INGLESIDE, San Francisco — District 11 Supervisor Ahsha Safai Tuesday called for a hearing at the Board of Supervisors meeting to discuss the outcome of the city’s first Safe Parking Lot for people living in their vehicles.
The first site opened in his district on the Upper Yard parking lot beside the Balboa Park Station in December 2019 as a pilot program. It is scheduled to be closed in March for the building of an affordable housing development.
“We want to take a look at what has been successful, what has worked and what has been some positive outcomes of this,” Safai said. He was sworn in for a second term as supervisor on Jan. 8.
The parking lot is currently serving a total of 35 people from 22 households living in RVs or vehicles, he said. Officials focused on serving vehicle dwellers in Safai’s district and in surrounding districts.
Safai said four households from District 7, two from District 9, eight from his district and eight from District 10 were getting services at the parking lot.
“In total, 39 people since the beginning of this program from 12 households have transitioned into permanent housing and we’re very, very proud of that,” Safai said.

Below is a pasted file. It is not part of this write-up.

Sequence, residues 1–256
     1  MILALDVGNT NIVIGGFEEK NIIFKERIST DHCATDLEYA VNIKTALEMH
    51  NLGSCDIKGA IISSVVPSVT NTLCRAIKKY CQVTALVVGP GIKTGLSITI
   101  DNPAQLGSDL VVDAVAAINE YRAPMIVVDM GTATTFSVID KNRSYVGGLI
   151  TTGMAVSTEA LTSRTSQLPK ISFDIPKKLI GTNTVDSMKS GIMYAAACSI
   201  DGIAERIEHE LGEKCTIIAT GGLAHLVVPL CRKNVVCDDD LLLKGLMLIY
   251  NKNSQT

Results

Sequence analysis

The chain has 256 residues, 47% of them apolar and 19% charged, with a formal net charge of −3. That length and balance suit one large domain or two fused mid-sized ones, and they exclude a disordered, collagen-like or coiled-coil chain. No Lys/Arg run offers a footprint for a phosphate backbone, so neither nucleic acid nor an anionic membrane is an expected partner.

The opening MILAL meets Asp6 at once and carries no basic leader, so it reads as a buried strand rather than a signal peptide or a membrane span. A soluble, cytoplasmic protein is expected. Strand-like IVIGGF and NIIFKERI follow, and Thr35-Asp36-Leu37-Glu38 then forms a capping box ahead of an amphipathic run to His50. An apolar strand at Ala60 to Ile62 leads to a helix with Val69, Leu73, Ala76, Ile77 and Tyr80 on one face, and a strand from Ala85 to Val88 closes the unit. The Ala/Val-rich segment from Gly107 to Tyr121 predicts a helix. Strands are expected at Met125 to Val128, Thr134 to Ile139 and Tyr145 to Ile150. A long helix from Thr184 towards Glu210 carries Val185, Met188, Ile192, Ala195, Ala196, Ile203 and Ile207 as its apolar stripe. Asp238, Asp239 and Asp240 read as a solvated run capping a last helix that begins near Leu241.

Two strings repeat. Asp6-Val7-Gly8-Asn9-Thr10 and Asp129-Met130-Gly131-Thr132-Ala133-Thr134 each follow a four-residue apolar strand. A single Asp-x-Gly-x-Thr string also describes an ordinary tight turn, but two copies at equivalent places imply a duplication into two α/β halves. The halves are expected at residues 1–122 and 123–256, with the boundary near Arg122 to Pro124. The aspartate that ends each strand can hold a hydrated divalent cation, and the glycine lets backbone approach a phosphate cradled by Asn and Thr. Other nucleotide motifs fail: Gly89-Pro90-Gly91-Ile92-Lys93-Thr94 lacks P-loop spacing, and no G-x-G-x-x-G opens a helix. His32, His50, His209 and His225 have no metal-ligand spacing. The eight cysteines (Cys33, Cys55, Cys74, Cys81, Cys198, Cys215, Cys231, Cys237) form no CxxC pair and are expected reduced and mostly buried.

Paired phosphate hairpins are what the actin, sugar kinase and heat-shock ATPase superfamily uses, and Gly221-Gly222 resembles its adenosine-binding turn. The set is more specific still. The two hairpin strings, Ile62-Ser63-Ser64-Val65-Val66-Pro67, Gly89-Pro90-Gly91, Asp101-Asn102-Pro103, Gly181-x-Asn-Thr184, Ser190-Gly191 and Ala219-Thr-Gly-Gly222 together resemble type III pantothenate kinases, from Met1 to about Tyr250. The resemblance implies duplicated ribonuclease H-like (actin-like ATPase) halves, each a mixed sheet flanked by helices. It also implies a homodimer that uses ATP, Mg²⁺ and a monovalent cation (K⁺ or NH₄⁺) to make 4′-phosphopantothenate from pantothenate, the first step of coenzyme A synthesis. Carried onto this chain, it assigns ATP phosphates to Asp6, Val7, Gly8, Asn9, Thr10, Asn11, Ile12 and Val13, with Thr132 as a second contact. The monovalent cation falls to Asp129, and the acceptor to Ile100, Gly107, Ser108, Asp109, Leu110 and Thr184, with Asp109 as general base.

A number of services were provided to households living on the lot, including basic services, such as showers, restrooms and city services to ultimately move towards permanent housing. The nonprofit organization, Urban Alchemy, managed the site.
The site had security around the clock to ensure households were able to park their vehicles safely without having to worry about break-ins.
Safai along with former Supervisor Vallie Brown brought legislation to the board to open the city’s first Safe Parking Lot. Mayor London Breed allocated $1 million to fund the pilot.
He wants the Department of Homelessness and Supportive Housing, the Department of Public Health and several other city departments to report back on the results of the pilot program.
“We have to find a way to take this program citywide,” Safai said. “This is not a district specific issue. This is something that’s touching many parts of San Francisco.”
Additionally, he wants communities involved with the pilot program to share their thoughts at the hearing.
“We want to have the opportunity to talk about the positive impact that this has had and how we can take these lessons citywide,” Safai said.
Safai’s office said a hearing date has been set yet.